U.S. Secretary of State Hillary Clinton says she or President Barack Obama might meet Burmese leaders in the context of a U.S.-ASEAN summit Sunday in Singapore. The Obama administration is pressing Burmese military leaders to release detained democracy leader Aung San Suu Kyi and hold free, fair and credible elections next year.
The Obama administration shelved the isolation strategy of its predecessor and is trying dialogue with the Burmese military government to push it toward reform.
Secretary of State Hillary Clinton says there are no formal meetings planned, but she left open the possibility that she and President Barack Obama might interact with Burmese Prime Minister Thein Sein or other officials when they take part in a U.S.-ASEAN summit-level dialogue Sunday in Singapore.
Two senior U.S. diplomats went to Burma last week to open the dialogue and at a Manila news conference with Philippine Foreign Secretary Alberto Romulo, Clinton called the mission by Assistant Secretary of State for East Asian Affairs Kurt Campbell and his deputy Scott Marciel "very successful."
The two State Department officials were allowed to hold a private, unmonitored meeting with Aung San Suu Kyi.
Clinton said the United States continues to demand the unconditional release of the Nobel Peace laureate, who has been detained most of the time since 1990, when her National League for Democracy party won national elections but was barred by the military from taking power.
"We are trying to encourage Burma to conduct the kind of internal dialogue with all of the stakeholders including Aung San Suu Kyi that could lead to there being fair, free and credible elections next year," she said.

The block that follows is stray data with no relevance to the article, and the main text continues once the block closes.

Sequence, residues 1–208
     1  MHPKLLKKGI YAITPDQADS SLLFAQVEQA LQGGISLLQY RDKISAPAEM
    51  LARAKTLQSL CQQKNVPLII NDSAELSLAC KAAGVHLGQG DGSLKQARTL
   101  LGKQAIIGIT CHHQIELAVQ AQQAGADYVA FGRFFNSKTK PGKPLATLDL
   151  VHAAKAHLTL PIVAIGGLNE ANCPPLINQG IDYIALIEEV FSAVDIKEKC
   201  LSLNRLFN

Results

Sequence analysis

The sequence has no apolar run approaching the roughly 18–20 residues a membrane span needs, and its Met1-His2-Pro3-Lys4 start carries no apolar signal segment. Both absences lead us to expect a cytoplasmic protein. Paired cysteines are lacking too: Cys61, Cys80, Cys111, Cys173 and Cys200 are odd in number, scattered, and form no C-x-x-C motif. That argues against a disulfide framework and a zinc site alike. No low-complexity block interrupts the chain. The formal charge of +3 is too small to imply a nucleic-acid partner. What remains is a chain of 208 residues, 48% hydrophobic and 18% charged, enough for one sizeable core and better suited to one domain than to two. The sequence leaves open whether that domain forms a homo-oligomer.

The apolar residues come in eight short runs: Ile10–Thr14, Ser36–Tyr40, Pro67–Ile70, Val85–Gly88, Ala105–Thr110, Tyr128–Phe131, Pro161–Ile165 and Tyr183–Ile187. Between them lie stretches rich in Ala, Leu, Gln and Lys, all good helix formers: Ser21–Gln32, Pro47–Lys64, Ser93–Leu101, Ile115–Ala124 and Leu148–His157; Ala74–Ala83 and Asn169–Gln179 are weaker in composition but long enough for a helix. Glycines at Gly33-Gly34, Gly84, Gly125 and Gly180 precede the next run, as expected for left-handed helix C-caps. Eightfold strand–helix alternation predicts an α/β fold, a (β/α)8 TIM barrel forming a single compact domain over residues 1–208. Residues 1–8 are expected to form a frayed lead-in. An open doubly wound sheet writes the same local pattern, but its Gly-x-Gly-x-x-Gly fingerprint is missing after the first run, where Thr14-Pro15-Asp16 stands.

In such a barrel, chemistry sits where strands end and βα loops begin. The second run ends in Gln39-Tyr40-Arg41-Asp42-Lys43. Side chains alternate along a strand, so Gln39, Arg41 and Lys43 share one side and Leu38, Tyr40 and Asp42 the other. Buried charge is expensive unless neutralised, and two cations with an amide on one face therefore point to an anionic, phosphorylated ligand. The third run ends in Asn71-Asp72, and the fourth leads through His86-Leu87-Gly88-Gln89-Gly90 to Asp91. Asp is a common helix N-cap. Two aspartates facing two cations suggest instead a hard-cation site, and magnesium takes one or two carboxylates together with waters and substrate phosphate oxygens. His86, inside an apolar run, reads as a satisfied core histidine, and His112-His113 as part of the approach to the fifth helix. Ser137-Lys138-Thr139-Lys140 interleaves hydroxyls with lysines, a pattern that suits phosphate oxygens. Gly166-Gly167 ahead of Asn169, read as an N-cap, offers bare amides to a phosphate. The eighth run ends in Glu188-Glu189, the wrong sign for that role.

"We think that is an essential first step. We are continuing to call for the freedom of Aung San Suu Kyi. We believe that her detention over so many years is baseless and not funded on any concern other than that she is a leader of the political opposition," she added.
Clinton said Aung San Suu Kyi "has every right" to resume an active role in politics and that her future role would be something the Burmese people, and not the United States, would have to decide.
She said the United States would be highly skeptical of an election process that did not include representatives of all elements of the political opposition. She urged active involvement by Burma's neighbors to spur reform.
"What we want to do, along with friends like the Philippines and other ASEAN members is to encourage, urge, persuade the leadership of Burma to enter into this dialogue with their own people-to create the conditions for legitimacy that should be apparent when you have an election, and that is what we are looking to achieve," said the secretary of state.
Clinton said despite the outreach to Burma, the Obama administration is not dropping human rights related sanctions, which include a virtually total U.S. trade ban against that country.
Sunday's summit of the United States and ASEAN - the Association of Southeast Asian nations - will take place on the sidelines of the broader 21-nation Asia-Pacific Economic Cooperation summit in Singapore.